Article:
Speaking philosophically Paul said that, “the general premise and idea of a Barbie doll is kind of weird isn’t it? You’re imposing a certain type of look on kids when they grow up, aren’t you? Kids are holding their Barbie Doll and thinking, this is how I must look when I get older. My work is tongue and cheek satirical commentary about, you know, blonde hair, a sleek car, and Ken.”

Just at this point a cheerful woman’s voice popped in and I could almost see the smile on her face as she exclaimed, “It looks a bit like me.”

Paul chimed in, “It’s too bad you don’t have your video on. Sarah looks a bit like a Barbie” Even with broken video, I knew he was happy as he introduced us. “You wouldn’t believe, he said enthusiastically, the amount of people who ask where they can buy this doll. I had a Dutch company interested in obtaining the rights to manufacture it at one point. Unfortunately the climate changed and they lost funding for the project. But, maybe one day!”

“Say Paul, I really enjoy some of the early works you put on the site. They were also very tongue and check. All these male Grecian type statues in a row, and pop, there’s a naked woman smack in the middle of the line-up. And your take on The Last Supper and other work based on classical art?”

“I do like the classics. The version of the Last Supper that I did was as accurate to the original as I could get it, but as you see it’s all women but, where Mary Magdalene from Dan Brown’s Da Vinci Code she is theorized to be in the original, I’ve inserted a man. The picture’s background and table are from the original painting.”

“One of my favorites is the tough girl series. It makes such a shocking statement. I should go back and  redo them since Poser has moved on and there are lots more ways now to get more realism now. A that time, three or four years ago, that was the best I could do, and sometimes I do go back to update images. I would like to go back to this Tough Girl series. I can add what I’ve learned and make it 3 times better.”

“Oh, almost forgot. I made the little machine gun earrings and the Marlboro Blacks.” I could almost see his eyes glinting. “She’s so hard that she smokes Marlboro Black.  It’s got a really high tar content.”

After looking at Paul’s gallery of work I had to ask him how he was able to achieve the realism and humanism he does working solely in Poser.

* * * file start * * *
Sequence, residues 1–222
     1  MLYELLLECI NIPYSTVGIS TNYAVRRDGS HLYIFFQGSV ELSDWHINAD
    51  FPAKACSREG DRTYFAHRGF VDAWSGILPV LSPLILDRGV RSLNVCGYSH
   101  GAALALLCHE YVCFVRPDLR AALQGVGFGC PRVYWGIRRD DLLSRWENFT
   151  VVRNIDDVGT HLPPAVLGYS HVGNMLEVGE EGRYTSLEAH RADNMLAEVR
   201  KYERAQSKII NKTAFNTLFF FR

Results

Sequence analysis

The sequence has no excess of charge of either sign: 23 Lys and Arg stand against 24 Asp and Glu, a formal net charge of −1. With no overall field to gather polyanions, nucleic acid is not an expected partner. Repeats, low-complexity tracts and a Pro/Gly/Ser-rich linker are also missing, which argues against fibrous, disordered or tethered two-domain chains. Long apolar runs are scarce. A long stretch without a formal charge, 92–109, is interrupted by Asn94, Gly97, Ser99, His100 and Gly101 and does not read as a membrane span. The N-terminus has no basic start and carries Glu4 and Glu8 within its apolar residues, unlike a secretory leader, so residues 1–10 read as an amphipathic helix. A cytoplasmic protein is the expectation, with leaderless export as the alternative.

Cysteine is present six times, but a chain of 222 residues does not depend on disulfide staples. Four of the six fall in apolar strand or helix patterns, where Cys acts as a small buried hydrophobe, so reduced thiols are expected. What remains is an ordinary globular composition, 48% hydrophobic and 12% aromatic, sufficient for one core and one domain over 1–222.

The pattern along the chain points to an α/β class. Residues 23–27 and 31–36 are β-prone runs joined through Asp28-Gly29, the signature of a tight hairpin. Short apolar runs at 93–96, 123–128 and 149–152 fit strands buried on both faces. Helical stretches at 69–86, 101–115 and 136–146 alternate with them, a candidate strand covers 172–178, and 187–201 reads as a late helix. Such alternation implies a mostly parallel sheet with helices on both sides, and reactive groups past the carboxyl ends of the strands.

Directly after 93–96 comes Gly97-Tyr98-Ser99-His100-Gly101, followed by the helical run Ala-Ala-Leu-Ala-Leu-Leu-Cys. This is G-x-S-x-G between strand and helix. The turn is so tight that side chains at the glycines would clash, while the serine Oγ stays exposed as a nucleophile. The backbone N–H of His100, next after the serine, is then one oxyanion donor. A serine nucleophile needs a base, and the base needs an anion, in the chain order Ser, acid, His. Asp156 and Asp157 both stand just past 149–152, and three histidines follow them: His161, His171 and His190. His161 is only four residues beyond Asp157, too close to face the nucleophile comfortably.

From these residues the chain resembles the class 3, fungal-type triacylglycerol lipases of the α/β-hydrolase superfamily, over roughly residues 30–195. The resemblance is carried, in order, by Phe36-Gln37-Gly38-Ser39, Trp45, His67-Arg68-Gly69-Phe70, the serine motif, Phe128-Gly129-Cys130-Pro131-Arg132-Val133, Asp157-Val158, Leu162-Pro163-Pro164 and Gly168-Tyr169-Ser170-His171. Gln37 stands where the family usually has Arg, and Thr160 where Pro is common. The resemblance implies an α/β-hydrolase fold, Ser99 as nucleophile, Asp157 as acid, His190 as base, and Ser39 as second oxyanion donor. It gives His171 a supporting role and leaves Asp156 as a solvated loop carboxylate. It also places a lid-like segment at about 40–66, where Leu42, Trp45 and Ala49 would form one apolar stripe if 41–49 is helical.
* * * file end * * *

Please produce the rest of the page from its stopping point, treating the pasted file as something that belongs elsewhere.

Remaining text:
“I was a photographer for around 20 years and the photography in me wants me to reproduce the type of realism that I’ve done in my pictures. Not always, but it has to have some element of realism. Since you can achieve realism with Poser why not do it?  I wouldn’t like it to look stiff, I don’t want it to look like a blow up doll, and I’d rather have the real thing.

I asked Paul if he was working on anything new that he wanted to share with ShareCG members.

“I just did a review of Poser Pro 2014 and for that I’ve produced an image that I tried to make as best as I can since it is going into this printed magazine. Once the magazine is released I’ll put the picture up on ShareCG. (July 17th 3DArtist 3D Artist Magazine. Published by image publishing, part of a bigger publishing group.“

Paul’s Tip for All Artists

“Look on the internet, go to art galleries, get inspiration from everything you look at. Look at The way hair falls, the way people actually, really are I suppose. Look for realism look at real pictures rather than what you imagine is real. Look for references, once you look at enough of them, and absorb them, you’ll get inspired to create something!”

Want to be interviewed?

We plan to interview more ShareCG artists, animators and modelers so we can all learn more about the talented and creative people who help make this site as popular as it is.  If you’d like to be considered for an interview please click the ‘Make a Suggestion’ link at the bottom of each site page and let us know about yourself.


The New ‘Get Reel’ Challenge

Sunday, August 11th, 2013

We have replaced the Star Search Challenge with the new and exciting  ‘Get Reel’ challenge that’s designed to help individuals, students, consultants and creative firms get their work in front of thousands of prospective employers.   We feel that this challenge will receive lots of quality work while giving entrants the chance to expand their reach and broaden their opportunities.

Entrants are asked to Create a new demo reel or select their best and drop it into the Demo Reel Challenge.  They will present their animation, Vfx, modeling or 3D Art skills  to win one of three superb prizes and be seen by thousands of potential employers. Plus, all entered work will be evaluated by our professional Evaluation Board who will grant prestigious Star Awards and provide feedback to artists with outstanding submissions. Students, individuals, consultants and creative firms are all welcome.